Franklin Pierceby John DiConsiglio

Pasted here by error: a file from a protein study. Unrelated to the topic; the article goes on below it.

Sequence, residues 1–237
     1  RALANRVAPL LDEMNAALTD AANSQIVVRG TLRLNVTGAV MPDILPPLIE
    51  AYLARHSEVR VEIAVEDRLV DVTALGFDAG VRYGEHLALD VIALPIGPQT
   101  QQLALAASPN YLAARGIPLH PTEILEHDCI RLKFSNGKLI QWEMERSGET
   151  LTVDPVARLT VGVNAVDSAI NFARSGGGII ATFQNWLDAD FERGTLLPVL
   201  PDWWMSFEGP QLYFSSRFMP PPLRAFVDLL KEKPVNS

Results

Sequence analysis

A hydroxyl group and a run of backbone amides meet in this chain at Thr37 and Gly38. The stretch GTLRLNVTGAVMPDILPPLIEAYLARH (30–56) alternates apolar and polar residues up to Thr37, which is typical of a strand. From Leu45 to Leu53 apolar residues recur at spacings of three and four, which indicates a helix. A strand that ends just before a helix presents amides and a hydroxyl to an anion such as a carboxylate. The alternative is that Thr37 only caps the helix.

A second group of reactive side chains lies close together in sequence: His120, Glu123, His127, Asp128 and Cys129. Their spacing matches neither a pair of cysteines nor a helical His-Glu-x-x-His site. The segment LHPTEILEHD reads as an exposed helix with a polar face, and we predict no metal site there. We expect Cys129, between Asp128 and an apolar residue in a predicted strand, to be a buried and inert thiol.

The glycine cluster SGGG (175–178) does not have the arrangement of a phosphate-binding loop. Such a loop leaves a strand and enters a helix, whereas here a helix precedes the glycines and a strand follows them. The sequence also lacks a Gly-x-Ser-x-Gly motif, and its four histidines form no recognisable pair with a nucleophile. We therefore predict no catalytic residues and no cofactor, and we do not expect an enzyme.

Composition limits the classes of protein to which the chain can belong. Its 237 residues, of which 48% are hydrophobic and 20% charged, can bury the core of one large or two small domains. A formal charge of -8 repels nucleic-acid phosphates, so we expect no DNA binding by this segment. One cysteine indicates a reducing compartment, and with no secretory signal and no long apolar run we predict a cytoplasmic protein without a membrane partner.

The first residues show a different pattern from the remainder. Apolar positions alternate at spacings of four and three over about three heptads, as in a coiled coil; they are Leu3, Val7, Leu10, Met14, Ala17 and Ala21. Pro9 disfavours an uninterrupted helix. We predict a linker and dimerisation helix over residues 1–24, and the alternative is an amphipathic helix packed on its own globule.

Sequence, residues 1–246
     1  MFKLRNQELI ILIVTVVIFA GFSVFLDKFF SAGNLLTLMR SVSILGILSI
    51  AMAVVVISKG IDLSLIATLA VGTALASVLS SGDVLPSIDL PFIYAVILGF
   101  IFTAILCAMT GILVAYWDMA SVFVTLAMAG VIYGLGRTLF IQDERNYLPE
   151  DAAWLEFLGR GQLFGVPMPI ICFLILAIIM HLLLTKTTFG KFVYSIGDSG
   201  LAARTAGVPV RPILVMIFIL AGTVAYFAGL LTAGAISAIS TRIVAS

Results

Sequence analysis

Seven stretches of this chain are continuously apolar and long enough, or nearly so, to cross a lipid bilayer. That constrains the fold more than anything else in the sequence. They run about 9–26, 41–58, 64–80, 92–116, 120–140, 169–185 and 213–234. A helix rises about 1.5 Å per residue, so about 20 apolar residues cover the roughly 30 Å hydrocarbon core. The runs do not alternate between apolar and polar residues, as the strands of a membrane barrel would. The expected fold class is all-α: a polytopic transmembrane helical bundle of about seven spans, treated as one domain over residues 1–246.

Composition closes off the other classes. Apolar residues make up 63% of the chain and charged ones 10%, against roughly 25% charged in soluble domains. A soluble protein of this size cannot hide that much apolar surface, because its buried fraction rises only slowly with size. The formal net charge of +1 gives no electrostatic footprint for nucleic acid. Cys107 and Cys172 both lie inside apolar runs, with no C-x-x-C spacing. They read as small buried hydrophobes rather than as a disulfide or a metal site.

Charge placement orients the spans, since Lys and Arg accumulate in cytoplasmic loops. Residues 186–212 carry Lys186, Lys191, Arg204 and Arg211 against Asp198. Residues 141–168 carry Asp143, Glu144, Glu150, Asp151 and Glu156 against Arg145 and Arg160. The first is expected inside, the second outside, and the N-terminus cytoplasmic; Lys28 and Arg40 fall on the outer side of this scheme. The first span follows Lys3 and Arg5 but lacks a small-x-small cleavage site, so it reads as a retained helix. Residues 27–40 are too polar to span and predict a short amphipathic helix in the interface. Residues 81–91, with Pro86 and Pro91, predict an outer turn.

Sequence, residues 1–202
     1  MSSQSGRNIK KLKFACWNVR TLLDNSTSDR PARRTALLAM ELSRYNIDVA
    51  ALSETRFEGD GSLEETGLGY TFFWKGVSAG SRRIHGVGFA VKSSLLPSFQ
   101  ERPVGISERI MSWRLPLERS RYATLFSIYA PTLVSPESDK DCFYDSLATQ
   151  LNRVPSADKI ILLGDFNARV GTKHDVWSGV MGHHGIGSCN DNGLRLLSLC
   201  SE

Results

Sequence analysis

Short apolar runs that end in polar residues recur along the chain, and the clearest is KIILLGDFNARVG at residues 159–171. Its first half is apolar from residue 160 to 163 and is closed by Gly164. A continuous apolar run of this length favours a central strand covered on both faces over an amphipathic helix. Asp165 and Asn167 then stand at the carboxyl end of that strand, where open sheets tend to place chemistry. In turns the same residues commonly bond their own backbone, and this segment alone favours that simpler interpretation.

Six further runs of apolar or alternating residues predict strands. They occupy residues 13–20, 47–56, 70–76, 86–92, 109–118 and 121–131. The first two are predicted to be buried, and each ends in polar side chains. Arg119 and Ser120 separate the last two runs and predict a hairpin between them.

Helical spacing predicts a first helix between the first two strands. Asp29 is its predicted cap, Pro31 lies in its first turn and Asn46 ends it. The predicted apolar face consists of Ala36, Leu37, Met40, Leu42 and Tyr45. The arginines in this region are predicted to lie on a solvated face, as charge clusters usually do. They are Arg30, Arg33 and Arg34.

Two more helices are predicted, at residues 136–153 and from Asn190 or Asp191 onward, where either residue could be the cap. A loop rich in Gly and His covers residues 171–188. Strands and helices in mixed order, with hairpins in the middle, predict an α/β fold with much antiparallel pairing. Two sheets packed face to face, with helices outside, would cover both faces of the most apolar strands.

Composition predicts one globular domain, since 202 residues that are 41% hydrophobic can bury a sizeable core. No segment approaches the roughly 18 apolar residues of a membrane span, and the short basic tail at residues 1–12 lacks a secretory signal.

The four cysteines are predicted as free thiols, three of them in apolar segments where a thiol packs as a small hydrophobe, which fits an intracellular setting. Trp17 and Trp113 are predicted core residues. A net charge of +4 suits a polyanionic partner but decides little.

Franklin Pierce of New Hampshire was handsome, gregarious, and famous for his cloquence. In private life and in politics, however, he proved to be unlucky and unhappy. As a young man he suffered from alcoholism, his wife was often ill, and their three sons died in childhood. A Northern Democrat with Southern sympathies, he was nominated for president in 1852 and won the election against a hapless Whig opponent. He soon lost the support of the North by enforcing the hated Fugitive Slave Law of 1850 and signing the Kansas-Nebraska Act, which promised to extend slavery in the new territories. When Kansas was swept by violence, Pierce supported proslavery factions and refused to send federal troops to restore order. In 1856, his party refused to renominate him, bringing his political career to a close.
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